Hazleton Casting Company in Eastern Pennsylvania can now offer fast-turnaround castings without expensive hard tooling to its specialty equipment manufacturers

A Once-in-a-Millennium Revolution in Metal Casting: Robotic 3D Printing

Hazleton Casting Company in Eastern Pennsylvania can now offer fast-turnaround castings without expensive hard tooling to its specialty equipment manufacturers

Revolutionizing a manufacturing process that has been around for more than 5,000 years isn’t done overnight, but that is precisely what is happening in the metal casting industry today with 3D printing technology.

Casting is one of the oldest manufacturing process known to man; a liquid material is poured into a mold and allowed to solidify. While there have been incremental improvements in the process over the years, it safe to say that metal casting hasn’t exactly been a hotbed of change.

But in recent years, with the advent of 3D printing processes for sand molds and cores for foundries, all that is changing — allowing foundries to do in hours what once took weeks to months, eliminating a variety of costs along with the time.

Take Hazleton Casting Co. in Hazleton, Pa., which today uses a 3D printing system from Viridis3D.

“Our journey into additive manufacturing started about three years ago,” explained Tony Badamo, President of Hazleton Casting Co. and Weatherly Casting and Machine Company.

The decades-old sister companies, located about nine miles apart in Eastern Pennsylvania, each offers slightly different casting services. Together, they are a one-stop, full-service foundry  offering a variety ferrous and non-ferrour specialty alloys including abrasion resistant alloys that can deliver castings exceeding 700 Brinell hardness.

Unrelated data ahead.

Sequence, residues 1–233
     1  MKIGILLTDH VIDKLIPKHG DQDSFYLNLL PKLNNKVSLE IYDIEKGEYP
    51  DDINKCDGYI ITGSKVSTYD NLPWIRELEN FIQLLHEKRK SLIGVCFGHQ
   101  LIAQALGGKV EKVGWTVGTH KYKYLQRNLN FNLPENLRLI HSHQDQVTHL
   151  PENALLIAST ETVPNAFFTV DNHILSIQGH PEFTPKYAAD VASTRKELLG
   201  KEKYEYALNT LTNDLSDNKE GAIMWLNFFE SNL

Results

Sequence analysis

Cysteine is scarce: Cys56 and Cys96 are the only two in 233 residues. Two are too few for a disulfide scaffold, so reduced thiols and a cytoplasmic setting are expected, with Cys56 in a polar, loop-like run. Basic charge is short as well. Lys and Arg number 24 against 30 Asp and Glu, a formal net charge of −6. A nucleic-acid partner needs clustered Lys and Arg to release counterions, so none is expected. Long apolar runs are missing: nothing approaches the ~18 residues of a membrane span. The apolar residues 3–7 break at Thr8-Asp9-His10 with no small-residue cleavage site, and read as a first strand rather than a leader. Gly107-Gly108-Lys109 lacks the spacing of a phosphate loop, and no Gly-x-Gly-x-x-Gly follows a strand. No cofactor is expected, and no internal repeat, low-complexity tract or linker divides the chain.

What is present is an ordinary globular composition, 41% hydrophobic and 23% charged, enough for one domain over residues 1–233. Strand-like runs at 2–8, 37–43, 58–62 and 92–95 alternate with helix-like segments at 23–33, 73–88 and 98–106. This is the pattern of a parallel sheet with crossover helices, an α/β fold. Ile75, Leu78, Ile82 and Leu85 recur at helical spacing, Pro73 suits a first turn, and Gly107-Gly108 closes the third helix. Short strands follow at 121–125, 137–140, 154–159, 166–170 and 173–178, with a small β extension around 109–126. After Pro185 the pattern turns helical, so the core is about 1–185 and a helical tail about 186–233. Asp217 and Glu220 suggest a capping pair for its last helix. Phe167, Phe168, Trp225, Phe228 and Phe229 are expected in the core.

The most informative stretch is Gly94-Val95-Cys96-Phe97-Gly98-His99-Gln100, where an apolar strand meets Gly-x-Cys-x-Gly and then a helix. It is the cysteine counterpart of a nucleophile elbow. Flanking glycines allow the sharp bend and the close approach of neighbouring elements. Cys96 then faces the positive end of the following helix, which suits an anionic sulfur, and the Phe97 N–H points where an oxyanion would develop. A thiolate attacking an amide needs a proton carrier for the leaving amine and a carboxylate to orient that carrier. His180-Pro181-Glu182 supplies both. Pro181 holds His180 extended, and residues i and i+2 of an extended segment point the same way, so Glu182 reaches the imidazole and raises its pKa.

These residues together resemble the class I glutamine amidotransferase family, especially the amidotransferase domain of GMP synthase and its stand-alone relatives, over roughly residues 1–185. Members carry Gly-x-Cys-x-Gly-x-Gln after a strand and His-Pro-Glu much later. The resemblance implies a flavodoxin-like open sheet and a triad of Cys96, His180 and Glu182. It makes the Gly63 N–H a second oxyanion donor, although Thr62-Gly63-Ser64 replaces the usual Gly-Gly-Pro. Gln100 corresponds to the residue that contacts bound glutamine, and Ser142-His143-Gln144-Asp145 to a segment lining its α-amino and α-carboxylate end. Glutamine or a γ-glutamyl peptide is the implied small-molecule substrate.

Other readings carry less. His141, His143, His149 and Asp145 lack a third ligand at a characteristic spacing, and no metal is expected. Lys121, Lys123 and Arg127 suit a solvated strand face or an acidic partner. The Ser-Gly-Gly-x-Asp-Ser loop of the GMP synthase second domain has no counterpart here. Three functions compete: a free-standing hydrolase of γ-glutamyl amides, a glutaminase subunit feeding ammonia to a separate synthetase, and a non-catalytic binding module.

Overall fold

When it comes to 3D printing, at first, Badamo explained, the company was intrigued by what the new technologies could do in terms of toolmaking, “to augment our pattern-making capabilities.”

So the company began looking at vat polymerization machines and 3D printers that directly print metal.

Initially, Badamo said, the direct-metal technology caused some anxiety — “We thought, ‘That’s a real  significant change to the foundry industry.’ ” But after assessing the situation, the team realized those processes “were a good pace away from being mainstream.”

From there, attention quickly shifted to new processes that were coming online to 3D print sand molds and cores with binder jetting technology, which could greatly reduce the need for hard tooling, which can take months to be machined, at significant cost, in order to deliver a prototype or final part to a customer.

Soon, Hazleton began outsourcing some of its business to do sand molds and cores to 3D printing bureaus, which could deliver them relatively quickly with machines that routinely retailed for more than $1 million and have a lot of specific environmental requirements.

While the quality of the parts wasn’t always as good as desired, Badamo said the process was good enough that the company knew it had to keep a close eye on the 3D printing market.

 “We felt the printing should be in our hands,” Badamo explained, largely because of the foundry team’s familiarity with customer demands.

At the time, however, the 3D printing machines for sand molds and cores were too expensive for their market to justify the return on investment, and they often had too many environmental requirements for a foundry, which — far from a clean room — is a truly industrial environment.

Tony Badamo, president of Hazleton Casting Co. and Weatherly Casting and Machine Company first saw the Viridis3D system at a demonstration at Trident Alloys in Springfield, Ohio, shown here in the summer of 2016.

Then, in 2016, Badamo was invited to an open house to see a new kind of technology to 3D print sand molds and cores from Viridid3D in partnership with Palmer Manufacturing & Supply, Inc. in Springfield, Ohio.


Introducing Viridis3D Robotic Additive Manufacturing

Unlike traditional binder jetting systems that are contained within a machine, the RAM 123 from Viridis3D was a remarkably simple system: it uses a large 28-inch wide print head on the end of a standard ABB industrial robot, an IRB 260, and it prints the sand mold and cores directly on a work table in an open work space.